Presentation on theme: "IMPACTS OF CLIMATE CHANGE ON OUR COASTLINE By Shakira Khan & Edward Robinson Marine Geology Unit Department of Geography & Geology University of the West."— Presentation transcript:
IMPACTS OF CLIMATE CHANGE ON OUR COASTLINE By Shakira Khan & Edward Robinson Marine Geology Unit Department of Geography & Geology University of the West Indies, Mona
What is Climate Change? Is simply a change of climate, that is, a regional change in temperature and/or weather patterns. This term is commonly used interchangeably with "global warming" and "the greenhouse effect," but is a more descriptive term and refers to any change in climate over time, whether due to natural variability or as a result of human activity ( IPCC, 2007 ). The latter refers primarily to the buildup of man-made gases in the atmosphere that trap the suns heat, causing changes in weather patterns on a global scale. The effects include changes in rainfall patterns, sea level rise, potential droughts, habitat loss and heat stress. The greenhouse gases of most concern are carbon dioxide, methane, and nitrous oxides ( )
What does this mean? Scientists have identified some of the likely effects:- Rainfall - Some regions will experience more extreme rainfall while others will experience drought. Storms- More frequent and intense storms Temperature -both atmospheric and sea surface temperate are projected to increase Sea level - the sea level could rise by more than 40cm by the end of the century.
Flooding and debris flows occur when normally dry gullies fill to overflowing as infiltration is overwhelmed and all precipitation becomes surface runoff, carrying rock debris. Increased Rainfall -The Debris Flow Geological evidence for this kind of hazard: Gullies (blue); Marls and muddy sandstones (brown & orange); Debris fans (darker browns); Significant recent marine erosion event (red bands). The activity in such systems was well described by Eleanor Jones (1981).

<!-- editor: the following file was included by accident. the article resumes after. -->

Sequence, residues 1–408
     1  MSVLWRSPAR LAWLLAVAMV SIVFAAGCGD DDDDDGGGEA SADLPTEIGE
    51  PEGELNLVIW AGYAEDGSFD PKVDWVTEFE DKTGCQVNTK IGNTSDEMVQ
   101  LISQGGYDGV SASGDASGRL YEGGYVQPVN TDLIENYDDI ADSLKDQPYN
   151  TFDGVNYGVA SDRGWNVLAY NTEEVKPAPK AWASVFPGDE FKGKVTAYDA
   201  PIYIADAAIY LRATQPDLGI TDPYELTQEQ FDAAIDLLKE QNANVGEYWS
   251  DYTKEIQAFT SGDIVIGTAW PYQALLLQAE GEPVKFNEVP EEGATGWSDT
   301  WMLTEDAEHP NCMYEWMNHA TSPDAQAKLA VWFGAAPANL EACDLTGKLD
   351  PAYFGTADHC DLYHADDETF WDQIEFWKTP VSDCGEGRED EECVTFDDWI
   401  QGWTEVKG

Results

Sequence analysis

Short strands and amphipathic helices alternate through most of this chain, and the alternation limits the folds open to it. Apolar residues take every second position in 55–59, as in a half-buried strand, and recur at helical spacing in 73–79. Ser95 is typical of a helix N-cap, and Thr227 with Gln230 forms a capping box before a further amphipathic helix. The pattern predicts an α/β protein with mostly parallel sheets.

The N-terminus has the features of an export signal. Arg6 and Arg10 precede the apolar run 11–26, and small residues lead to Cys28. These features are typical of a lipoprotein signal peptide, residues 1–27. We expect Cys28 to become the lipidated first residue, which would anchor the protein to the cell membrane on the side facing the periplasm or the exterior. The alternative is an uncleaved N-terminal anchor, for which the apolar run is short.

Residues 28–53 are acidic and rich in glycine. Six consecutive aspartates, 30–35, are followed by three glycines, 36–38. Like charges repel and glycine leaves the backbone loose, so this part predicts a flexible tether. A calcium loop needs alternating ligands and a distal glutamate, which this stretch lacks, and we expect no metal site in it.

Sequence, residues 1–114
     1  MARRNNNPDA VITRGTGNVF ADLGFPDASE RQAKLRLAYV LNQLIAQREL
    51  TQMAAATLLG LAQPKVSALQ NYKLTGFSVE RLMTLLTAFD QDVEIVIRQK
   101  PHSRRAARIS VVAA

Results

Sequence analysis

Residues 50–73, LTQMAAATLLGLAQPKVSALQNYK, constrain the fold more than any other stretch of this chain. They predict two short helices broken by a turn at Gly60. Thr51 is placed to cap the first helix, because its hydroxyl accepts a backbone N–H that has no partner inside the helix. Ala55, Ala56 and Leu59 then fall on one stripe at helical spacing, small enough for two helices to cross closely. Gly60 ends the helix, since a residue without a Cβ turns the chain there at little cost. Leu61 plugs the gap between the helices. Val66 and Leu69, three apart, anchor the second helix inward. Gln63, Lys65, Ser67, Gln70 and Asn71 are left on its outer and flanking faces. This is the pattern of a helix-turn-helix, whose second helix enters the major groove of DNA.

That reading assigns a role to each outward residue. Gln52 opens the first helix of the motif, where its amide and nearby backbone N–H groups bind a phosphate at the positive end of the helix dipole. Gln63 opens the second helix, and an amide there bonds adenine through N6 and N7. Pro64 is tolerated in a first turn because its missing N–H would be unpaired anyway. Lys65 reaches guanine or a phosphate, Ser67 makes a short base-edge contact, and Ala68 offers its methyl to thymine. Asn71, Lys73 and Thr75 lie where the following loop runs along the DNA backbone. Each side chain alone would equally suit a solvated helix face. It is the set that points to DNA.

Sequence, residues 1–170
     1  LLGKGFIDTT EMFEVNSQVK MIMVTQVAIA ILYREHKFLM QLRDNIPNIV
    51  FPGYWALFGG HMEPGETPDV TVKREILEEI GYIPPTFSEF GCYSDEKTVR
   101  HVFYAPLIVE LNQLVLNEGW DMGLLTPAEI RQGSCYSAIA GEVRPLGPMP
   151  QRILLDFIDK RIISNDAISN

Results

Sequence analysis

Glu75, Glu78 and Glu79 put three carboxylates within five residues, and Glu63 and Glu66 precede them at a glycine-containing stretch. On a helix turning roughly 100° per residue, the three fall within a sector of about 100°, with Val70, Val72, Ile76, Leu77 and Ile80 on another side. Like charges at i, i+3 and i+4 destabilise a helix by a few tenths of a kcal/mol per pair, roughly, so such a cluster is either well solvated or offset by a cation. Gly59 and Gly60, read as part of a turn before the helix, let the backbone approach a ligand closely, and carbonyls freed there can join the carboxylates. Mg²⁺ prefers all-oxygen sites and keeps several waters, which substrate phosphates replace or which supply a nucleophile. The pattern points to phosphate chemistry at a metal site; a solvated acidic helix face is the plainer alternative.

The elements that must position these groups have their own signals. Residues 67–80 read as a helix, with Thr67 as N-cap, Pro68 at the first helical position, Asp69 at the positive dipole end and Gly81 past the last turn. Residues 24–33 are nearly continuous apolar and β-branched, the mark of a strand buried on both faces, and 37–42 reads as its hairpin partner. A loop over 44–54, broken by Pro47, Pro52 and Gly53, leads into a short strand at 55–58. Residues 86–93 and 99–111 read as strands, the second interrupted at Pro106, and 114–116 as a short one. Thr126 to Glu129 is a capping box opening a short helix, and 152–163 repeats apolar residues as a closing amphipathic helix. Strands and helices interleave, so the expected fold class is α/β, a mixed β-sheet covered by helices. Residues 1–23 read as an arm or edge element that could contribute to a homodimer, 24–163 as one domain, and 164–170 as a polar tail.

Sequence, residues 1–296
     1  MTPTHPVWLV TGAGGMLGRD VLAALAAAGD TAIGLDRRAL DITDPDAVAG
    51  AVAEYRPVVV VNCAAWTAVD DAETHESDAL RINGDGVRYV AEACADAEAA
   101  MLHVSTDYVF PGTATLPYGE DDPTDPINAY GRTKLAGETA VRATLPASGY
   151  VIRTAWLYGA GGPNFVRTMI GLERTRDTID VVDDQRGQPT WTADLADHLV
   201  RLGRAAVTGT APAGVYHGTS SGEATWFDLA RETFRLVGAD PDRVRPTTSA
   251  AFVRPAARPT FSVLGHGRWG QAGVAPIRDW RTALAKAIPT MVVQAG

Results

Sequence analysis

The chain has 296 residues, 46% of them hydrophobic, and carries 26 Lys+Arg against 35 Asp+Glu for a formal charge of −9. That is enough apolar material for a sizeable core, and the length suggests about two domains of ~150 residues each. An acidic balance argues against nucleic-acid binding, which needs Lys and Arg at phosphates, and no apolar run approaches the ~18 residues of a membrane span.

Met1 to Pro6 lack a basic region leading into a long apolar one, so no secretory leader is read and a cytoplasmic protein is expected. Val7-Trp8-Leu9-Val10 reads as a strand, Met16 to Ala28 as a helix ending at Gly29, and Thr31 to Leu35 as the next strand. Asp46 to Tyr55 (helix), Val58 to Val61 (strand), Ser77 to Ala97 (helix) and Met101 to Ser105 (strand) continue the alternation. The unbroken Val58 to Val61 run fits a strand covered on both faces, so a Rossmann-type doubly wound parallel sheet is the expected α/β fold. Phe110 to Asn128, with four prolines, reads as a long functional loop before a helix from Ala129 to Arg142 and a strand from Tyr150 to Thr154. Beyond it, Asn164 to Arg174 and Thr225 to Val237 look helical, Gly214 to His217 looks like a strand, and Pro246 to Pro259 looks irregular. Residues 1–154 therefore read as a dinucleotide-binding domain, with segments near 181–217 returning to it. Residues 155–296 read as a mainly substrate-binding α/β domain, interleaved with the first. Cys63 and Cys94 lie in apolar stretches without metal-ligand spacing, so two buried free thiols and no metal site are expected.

Sea level rise is a natural consequence of global warming
The International Panel for Climate Change (IPCC) has examined models of likely sea level rise over the next hundred years:- The models range from a conservative 10 cm to a high of some 80 cm. Most of the rise will be due to thermal expansion of seawater, a lesser amount due to melting of glaciers and ice caps. However, the rate at which the large ice caps (Antarctica and Greenland) will melt is still a matter for debate.
What will this do to a beach?
Cyclic physical processes occurring on beaches Beach Erosion & Accretion- Carbonate beaches Long Bay, Portland
Progressive Beach recession, Orange Bay, Portland
More intense & frequent storms 13 month period September October storms: Ivan -September 2004 Dennis –July 2005 Emily – July 2005 Wilma – October 2005
Galina, St. Mary Photo: N. Butterfield Impacts of climate change on cliffed coastlines
When severe wave events occur (hurricanes or tsunami) blocks of rock can be torn off the cliff face and hurled inland joint s Intense storms result in Boulders moving
Some wave debris can be very big… Communities on rocky shores can be engulfed by storm wave debris Manchioneal one here
Rising sea levels lead to increased inundation from storm surge…..
STORM SURGE Hazards affecting our coastline Copacabanna Annotto Bay – Storm surge inundation distances Photo: N. Butterfield J. Tyndale Biscoe
Impact of storm surge on Mangroves Threat to Wild life – destruction of Habitat Threat to breeding areas, roosting, nesting and fish nurseries
Impacts on mangroves along the coast
Impacts on coastal areas- Retreating coastline House destroyed by encroaching sea
Coastline retreat in response to rising sea level (A) Beaches follow a characteristic profile shape based on the wave climate and the types of sediments. (B) When sea level rises, the initial effect is inundation; (C) But eventually enough material will be deposited offshore to re-establish the profile at the higher elevation. Thus, the shore retreat will be based on the slope of the entire beach profile, which is usually flatter than the slope just above the shore. Source: Titus (1986). Brune Rule
Shoreline retreat 1971 base of beach 1971 tree line 2003 base of beach 2003 tree line Negril Tree 200 m Between 1971 and 2003 sea level rose about 8 cm (IPCC Report, 2007) Negril
Acknowledgements The Marine Geology Unit would like to thank- The Environmental Foundation of Jamaica Mr. Rafi Ahmad Miss Deborah-Ann Rowe Miss Kadean Mitchell Mr. Richard Coutou Photos in presentation were taken by MGU, except where noted
THANK YOU! Sediment and freshwater plume from Rio Grande flood, February 13, 1999
Website Further information about the Marine Geology Unit at the University of the West Indies